December 7, 2005
CHESTNUT HILL -- Still not knowing for sure that sophomore Sean Williams would be brought back from a school suspension after his May marijuana arrest, BC passed the first of its three big early tests but was facing two straight very difficult contests without their talented big man.
The Eagles, who improved to 6-0 with a win over Sacred Heart on Dec. 3, beat Oklahoma State the previous Saturday in the final of the Las Vegas Invitational, rallying from a 13-point second-half deficit to record the victory. Junior forward Jared Dudley, a staple of the team's early success, walked off with MVP honors.
But with a Williams return -- assuming it happens -- still a few weeks away, the Eagles, who had moved up from No. 10 to No. 8 in the Associated Press poll, were set to play No. 13 Michigan State in the Jimmy V Classic at Madison Square Garden. Then, in a Sunday night (Dec. 11) game of the week, BC will visit Maryland for its ACC debut.
Williams, who attended classes at Houston this fall, was set to meet with BC coach Al Skinner and athletic director Gene DeFilippo -- either in person or via conference call -- to start the ball rolling toward a return later this month. The general feeling was that the school would have cut the young shotblocker loose a long time ago if there was no hope of his reinstatement. Instead, it appeared as if Williams, who spurned transfer offers after returning to Texas following his arrest, was doing everything he had to do to re-join his old team.
"We've just got to wait, and he's got to finish up his classes," said Skinner, who has been optimistic from the outset that he would get Williams back.
While Williams' matter remained up in the air -- and don't be shocked if BC challenges for the ACC championship if he returns -- Skinner cleared up the status of another suspended player.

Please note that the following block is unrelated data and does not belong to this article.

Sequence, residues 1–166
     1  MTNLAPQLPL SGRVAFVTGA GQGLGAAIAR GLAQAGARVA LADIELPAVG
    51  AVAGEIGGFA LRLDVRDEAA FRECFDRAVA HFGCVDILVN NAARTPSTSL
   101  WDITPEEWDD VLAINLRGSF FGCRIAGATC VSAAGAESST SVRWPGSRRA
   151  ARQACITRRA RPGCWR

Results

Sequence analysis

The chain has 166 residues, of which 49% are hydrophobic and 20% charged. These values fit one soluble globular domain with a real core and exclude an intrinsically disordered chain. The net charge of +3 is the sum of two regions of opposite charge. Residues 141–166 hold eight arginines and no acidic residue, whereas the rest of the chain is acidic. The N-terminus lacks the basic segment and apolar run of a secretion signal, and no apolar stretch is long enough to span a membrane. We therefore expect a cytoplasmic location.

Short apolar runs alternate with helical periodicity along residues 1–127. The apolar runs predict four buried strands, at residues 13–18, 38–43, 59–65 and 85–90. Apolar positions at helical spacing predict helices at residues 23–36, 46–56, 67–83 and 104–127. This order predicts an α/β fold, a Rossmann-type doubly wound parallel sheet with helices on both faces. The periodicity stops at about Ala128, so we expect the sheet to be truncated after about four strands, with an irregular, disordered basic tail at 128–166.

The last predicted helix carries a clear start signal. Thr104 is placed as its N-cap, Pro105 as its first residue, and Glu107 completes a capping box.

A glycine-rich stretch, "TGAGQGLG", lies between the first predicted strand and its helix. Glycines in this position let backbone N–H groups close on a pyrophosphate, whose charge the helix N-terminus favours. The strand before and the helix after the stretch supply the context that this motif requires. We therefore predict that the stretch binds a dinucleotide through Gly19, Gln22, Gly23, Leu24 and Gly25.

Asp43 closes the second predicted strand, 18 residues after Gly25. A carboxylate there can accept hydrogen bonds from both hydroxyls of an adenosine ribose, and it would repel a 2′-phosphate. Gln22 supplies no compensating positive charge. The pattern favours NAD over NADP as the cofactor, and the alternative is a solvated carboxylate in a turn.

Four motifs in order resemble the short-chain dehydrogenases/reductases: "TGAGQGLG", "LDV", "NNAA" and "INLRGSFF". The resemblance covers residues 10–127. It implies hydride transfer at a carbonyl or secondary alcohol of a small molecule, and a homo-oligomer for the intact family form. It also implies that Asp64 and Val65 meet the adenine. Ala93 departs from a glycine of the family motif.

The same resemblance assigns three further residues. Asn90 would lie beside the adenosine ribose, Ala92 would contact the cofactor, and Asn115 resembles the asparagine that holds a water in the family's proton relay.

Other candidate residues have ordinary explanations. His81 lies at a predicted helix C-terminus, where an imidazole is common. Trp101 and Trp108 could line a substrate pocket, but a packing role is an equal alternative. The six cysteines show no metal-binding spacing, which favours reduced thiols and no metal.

Skinner said that forward Akida McLain, who has been serving time on the BC bench in street clothes for passing a couple of counterfeit $20 bills back home in Pittsburgh this spring, would return after the Michigan State game. That means McLain will have served a seven-game suspension, dealt by his coach. The whole thing officially was described as the old "violation of team rules," which left many wondering exactly which rule is violated when a player runs around passing counterfeit bills, or at least hanging with a buddy who gives them to him to pass.
McLain, also a sophomore, had been penciled in prior to the season as the likely sixth man, someone who could use his athleticism to spark BC off the bench. His addition, while not nearly as big as the return as Williams, will provide much-needed depth.
Meanwhile, with Williams out, John Oates, who hardly played as a freshman, stepped into the starting lineup. After scoring five points in his entire rookie year, he had 15 in the first half of the Sacred Heart win.
"John Oates is the man," BC All-American Craig Smith said. "It's the new Nate Doornekamp (BC's graduated center)."
With Skinner noted as a coach who doesn't like to go more than eight deep, it wasn't known how much time Oates will get if Williams returns. But by contributing the way he did -- even hitting three-pointers -- you'd have to think there will be some time for the product of the same New Jersey high school (Don Bosco) as BC linebacker Brian Toal.
"He's doing a good job for us," Dudley said. "Obviously, he's not the shotblocker that Sean is (Williams set the school record for blocks last year), but he's helping Craig out down low. He's playing with confidence right now. He's improving. That's the key with him."